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How to draw what you see

Author: Rudy De Reyna
Publisher: New York : Watson-Guptill Publications, [2005]
Edition/Format:   Print book : English : 35th anniversary edView all editions and formats
Summary:
"When it was originally published in 1970, How to Draw What You See zoomed to the top of Watson-Guptill's best-seller list--and it has remained there ever since. “I believe that you must be able to draw things as you see them--realistically,” wrote Rudy de Reyna in his introduction. Today, generations of artists have learned to draw what they see, to truly capture the world around them, using de Reyna's methods. How  Read more...
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Genre/Form: Nonfiction
Document Type: Book
All Authors / Contributors: Rudy De Reyna
ISBN: 0823023753 9780823023752
OCLC Number: 69660553
Notes: Includes index.
Originally published: 1970.
Edition statement from book cover.
Description: 175 pages : illustrations ; 26 cm
Contents: pt. 1. Fundamentals of drawing --
project 1. Basic structure of objects --
Drawing straight lines --
Drawing lines freehand --
Holding the pencil --
Angle and direction of lines --
project 2. Eye level : foundation of perspective --
Changing shapes and eye level --
Vanishing points --
Cube in perspective --
Judging size relationships --
Objects below eye level --
Practice exercises --
project 3. Drawing cubic objects --
Cubic forms in everyday things --
Searching with lines --
Handling detail --
Refining with tracing paper --
project 4. Drawing cylindrical objects --
Drawing curved lines --
Observing cylindrical forms --
Rendering cylindrical objects --
Ellipses and perspective --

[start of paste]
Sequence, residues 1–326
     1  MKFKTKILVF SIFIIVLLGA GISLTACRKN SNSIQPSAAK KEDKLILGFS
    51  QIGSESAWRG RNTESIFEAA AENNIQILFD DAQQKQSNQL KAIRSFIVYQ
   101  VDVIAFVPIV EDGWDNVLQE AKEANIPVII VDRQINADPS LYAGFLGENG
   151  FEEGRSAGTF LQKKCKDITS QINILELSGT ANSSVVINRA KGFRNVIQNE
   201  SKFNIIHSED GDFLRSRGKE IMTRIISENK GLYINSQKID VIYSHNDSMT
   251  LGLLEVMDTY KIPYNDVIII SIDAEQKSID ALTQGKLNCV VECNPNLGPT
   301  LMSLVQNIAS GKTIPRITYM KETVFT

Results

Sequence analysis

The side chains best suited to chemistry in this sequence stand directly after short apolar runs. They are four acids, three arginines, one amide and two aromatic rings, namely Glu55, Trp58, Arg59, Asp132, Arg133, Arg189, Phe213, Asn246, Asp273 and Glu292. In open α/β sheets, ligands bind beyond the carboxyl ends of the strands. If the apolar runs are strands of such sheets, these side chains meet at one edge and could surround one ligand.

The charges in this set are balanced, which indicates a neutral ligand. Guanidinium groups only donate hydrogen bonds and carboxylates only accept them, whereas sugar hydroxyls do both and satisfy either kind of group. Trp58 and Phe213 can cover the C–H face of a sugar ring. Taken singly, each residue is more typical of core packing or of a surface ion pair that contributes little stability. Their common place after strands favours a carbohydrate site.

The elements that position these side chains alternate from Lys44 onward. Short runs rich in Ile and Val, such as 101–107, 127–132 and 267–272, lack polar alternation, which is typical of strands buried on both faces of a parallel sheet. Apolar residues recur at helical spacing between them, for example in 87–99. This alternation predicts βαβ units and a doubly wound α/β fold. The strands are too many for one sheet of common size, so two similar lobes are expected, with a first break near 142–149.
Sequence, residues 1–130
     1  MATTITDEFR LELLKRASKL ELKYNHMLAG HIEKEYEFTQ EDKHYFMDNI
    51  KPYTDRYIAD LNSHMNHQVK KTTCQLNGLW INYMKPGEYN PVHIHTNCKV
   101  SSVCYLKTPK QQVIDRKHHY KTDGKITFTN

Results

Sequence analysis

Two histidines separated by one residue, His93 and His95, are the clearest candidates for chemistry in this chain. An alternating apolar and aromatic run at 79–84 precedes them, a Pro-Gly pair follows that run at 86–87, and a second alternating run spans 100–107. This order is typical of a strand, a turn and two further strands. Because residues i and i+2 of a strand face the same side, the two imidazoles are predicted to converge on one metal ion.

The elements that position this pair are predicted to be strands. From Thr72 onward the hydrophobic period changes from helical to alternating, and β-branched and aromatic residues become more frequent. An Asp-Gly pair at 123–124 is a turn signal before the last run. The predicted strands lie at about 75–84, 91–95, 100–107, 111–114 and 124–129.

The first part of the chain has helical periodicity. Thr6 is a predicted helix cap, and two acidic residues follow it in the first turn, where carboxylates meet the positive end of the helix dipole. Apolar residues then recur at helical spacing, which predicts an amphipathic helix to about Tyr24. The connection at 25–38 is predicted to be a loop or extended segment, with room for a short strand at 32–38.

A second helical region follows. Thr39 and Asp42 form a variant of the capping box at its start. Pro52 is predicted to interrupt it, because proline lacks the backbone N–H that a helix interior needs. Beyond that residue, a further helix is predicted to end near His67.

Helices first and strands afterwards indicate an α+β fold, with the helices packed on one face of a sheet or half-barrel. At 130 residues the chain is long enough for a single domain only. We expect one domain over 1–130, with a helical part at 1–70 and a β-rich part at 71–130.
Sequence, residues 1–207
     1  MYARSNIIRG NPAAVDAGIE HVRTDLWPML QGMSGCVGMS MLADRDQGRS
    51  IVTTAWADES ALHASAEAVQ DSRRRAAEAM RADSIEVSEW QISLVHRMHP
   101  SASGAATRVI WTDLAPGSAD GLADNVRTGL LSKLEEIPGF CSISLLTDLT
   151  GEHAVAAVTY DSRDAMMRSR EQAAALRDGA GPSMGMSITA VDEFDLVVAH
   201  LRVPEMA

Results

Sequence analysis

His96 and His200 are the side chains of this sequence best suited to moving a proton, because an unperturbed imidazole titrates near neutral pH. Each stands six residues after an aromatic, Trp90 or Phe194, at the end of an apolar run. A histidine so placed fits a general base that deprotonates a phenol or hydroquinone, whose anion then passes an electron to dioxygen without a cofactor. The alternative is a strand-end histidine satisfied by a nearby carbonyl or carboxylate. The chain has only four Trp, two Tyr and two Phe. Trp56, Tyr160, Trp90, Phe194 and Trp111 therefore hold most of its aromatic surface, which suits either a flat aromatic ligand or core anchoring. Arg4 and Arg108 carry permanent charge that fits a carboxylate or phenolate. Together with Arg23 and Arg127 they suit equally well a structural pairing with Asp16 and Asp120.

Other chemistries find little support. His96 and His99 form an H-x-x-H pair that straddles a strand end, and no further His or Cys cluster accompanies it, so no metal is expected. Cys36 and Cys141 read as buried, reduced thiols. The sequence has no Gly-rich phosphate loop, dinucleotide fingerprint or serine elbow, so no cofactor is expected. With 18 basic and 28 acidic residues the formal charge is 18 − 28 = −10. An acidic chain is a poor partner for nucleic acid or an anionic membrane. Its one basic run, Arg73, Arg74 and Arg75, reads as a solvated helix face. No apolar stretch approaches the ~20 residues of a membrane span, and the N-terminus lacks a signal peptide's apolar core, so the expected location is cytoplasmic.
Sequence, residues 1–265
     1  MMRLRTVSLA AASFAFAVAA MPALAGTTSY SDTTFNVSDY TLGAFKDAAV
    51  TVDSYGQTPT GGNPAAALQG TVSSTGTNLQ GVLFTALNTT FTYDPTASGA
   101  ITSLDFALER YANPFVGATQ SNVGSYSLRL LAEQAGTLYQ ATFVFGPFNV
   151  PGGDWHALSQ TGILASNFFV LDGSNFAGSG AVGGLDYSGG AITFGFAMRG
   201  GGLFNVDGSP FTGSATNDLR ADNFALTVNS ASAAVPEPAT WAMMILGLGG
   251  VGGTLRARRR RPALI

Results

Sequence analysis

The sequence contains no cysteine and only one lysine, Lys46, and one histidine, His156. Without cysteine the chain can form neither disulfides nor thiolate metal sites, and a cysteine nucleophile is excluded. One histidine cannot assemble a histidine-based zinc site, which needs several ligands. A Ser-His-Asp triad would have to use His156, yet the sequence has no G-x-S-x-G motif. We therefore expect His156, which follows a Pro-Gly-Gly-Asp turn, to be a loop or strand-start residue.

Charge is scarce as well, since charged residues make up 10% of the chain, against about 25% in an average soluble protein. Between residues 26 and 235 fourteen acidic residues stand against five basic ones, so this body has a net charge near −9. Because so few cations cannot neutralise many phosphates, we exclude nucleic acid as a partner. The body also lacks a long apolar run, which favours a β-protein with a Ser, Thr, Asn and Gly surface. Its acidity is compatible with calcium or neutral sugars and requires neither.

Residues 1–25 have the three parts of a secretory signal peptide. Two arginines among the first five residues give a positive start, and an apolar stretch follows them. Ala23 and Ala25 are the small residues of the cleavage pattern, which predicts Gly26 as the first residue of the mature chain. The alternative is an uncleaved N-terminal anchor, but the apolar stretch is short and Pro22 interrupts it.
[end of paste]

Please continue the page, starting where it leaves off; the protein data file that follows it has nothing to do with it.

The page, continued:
project 5. Drawing spherical objects --
Departures from the geometric sphere --
Depth and the sphere --
project 6. Drawing conical objects --
Symmetry of the cone --
Drawing everything --
project 7. Putting basic forms together --
Basic forms and their relationships --
Drawing symmetrical objects --
Drawing and observation --
project 8. The horizon plane --
Relating objects --
Contours --
Creating a composition --
Selecting a viewpoint --
Perspective in a still life --
Working with actual objects --
A brief summary --
project 9. Light and shade --
Observing light and shadow --
Light and dimension --
Tonal values --
Using the full tonal scale --
Cast shadows --
Shadow edges --
Angle of light --
Level of light --
project 10. Translating local color to black and white --
Using a middle tone --
Values and tones --
Tonal arrangement --
Rendering texture --
Tactile and visual textures --
project 11. Drawing a still life --
Copying versus drawing from life --
Composition and construction --
Laying down correct tones. project 12. Drawing with charcoal --
Vine and compressed charcoal --
Powdered charcoal --
Erasers and blenders --
Papers --
Toned papers --
Fixative --
Charcoal's versatility --
Ease of manipulation --
project 13. Still life in charcoal --
Four drawing principles --
Hard and soft edges --
Working from "roughs" --